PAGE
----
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Severe parapharyngeal abscess that developed significant complications: management during the COVID-19 pandemic
  1. Teslimat Ajeigbe1,
  2. Basmal Ria2,
  3. Emma Wates3 and
  4. Samuel Mattine1
  1. 1Oral and Maxillofacial Unit, Worcestershire Royal Hospital, Worcester, Worcestershire, UK
  2. 2Department of Oral Surgery, Sheffield Teaching Hospitals NHS Foundation Trust, Sheffield, UK
  3. 3University Hospitals Bristol NHS Foundation Trust, Bristol, UK
  1. Correspondence to Dr Emma Wates; emma.wates{at}


A 50-year-old Caucasian man presented to the emergency department during the early stages of the COVID-19 pandemic with a rapidly progressive facial swelling, fever, malaise and myalgia. The patient had recently travelled to a COVID-19-prevalent European country and was therefore treated as COVID-19 suspect. The day before, the patient sustained a burn to his left forearm after falling unconscious next to a radiator. A CT neck and thorax showed a parapharyngeal abscess, which was surgically drained, and the patient was discharged following an intensive care admission. He then developed mediastinitis 3 weeks post-discharge which required readmission and transfer to a cardiothoracic unit for surgical drainage. This report discusses the evolution of a deep neck space infection into a mediastinitis, a rare and life-threatening complication, despite early surgical drainage. This report also highlights the difficulties faced with managing patients during the COVID-19 pandemic.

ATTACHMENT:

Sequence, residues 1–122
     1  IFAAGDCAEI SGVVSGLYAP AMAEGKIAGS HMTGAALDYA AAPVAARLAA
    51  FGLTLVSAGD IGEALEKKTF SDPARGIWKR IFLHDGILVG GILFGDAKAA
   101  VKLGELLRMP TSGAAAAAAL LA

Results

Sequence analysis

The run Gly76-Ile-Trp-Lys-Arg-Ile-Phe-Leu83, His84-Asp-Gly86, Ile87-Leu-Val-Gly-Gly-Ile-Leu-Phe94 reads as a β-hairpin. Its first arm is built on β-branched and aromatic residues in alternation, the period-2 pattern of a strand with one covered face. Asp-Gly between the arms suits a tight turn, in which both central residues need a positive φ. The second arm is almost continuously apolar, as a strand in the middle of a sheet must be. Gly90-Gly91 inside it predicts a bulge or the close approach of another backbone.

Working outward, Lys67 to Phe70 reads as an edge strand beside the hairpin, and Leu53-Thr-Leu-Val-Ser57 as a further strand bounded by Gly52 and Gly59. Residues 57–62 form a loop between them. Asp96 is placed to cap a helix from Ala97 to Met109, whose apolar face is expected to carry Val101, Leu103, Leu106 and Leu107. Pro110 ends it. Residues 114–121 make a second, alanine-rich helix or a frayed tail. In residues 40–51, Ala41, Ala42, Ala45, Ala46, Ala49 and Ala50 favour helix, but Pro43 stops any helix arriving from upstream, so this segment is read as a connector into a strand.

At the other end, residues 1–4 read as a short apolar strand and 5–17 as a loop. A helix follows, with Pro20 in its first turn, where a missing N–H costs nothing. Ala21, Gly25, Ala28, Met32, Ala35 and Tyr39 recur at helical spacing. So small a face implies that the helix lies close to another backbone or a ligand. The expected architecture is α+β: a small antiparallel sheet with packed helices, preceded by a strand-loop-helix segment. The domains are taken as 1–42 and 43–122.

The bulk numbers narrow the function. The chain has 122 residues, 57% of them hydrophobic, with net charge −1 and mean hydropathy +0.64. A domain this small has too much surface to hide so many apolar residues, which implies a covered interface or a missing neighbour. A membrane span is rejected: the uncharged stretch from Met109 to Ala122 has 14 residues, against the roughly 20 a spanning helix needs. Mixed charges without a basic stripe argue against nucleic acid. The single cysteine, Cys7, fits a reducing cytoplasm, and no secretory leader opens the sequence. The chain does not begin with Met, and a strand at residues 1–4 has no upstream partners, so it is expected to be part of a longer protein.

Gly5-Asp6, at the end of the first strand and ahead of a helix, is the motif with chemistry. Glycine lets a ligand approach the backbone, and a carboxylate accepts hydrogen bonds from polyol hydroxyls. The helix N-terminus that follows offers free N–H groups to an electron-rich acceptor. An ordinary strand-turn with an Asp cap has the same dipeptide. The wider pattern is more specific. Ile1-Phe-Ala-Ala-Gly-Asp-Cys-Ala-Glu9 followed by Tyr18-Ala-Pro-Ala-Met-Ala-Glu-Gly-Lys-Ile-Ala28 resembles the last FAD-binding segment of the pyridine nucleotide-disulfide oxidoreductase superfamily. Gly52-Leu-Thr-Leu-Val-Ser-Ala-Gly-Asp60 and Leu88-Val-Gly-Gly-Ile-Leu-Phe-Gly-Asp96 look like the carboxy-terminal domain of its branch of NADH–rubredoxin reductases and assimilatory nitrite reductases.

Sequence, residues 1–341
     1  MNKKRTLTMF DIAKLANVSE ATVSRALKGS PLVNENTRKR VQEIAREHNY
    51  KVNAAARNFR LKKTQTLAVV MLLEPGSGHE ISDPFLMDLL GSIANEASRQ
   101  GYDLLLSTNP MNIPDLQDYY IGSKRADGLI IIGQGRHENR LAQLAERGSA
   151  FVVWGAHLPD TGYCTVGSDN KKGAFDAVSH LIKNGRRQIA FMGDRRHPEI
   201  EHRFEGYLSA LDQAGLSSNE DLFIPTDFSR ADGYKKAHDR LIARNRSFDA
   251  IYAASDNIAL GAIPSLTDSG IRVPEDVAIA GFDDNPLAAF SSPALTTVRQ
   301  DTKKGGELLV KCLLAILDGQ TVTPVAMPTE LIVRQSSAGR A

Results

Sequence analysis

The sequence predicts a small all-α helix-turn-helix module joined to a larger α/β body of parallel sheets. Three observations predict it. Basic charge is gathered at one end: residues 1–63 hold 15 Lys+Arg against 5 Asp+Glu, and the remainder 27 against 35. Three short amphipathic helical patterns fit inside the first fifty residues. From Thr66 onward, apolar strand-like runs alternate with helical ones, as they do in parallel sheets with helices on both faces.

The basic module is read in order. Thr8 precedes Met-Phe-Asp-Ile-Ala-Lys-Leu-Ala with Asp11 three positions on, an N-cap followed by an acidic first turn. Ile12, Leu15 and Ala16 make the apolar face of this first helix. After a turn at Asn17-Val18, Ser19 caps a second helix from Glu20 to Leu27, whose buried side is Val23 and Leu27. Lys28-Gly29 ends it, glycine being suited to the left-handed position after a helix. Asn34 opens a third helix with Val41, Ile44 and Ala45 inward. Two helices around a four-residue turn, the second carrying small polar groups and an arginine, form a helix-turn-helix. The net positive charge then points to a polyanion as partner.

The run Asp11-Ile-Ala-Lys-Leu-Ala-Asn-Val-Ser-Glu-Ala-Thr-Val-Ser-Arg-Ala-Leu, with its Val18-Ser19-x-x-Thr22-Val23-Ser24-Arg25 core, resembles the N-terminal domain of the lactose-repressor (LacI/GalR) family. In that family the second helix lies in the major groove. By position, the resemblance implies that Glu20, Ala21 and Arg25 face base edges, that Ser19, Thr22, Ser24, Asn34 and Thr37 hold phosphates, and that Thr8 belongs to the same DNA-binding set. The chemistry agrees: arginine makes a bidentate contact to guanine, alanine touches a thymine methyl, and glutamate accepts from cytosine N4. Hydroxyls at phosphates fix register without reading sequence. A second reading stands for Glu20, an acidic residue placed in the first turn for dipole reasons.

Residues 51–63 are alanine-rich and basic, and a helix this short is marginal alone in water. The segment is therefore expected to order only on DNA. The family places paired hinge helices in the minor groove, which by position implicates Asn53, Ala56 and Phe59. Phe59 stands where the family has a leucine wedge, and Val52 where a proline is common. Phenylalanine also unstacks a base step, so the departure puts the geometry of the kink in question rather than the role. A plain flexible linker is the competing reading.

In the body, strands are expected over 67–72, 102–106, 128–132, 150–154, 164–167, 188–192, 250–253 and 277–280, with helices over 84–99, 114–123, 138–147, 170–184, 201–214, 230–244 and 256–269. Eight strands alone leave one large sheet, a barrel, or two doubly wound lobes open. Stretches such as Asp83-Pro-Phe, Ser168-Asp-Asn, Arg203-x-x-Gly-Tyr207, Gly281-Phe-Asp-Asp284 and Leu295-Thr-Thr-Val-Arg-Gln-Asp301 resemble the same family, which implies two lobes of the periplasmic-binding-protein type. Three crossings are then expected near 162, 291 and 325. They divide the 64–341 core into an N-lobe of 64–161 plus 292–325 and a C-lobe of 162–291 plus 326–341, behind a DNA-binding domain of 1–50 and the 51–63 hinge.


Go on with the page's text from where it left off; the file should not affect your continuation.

• ear
  • nose and throat/otolaryngology
  • anaesthesia
  • cardiothoracic surgery
  • oral and maxillofacial surgery

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  • Contributors TA, BR, EW, SM: planning, conduct, reporting, conception and design, data acquisition and data interpretation.

  • Funding The authors have not declared a specific grant for this research from any funding agency in the public, commercial or not-for-profit sectors.

  • Competing interests None declared.

  • Patient consent for publication Obtained.

  • Provenance and peer review Not commissioned; externally peer reviewed.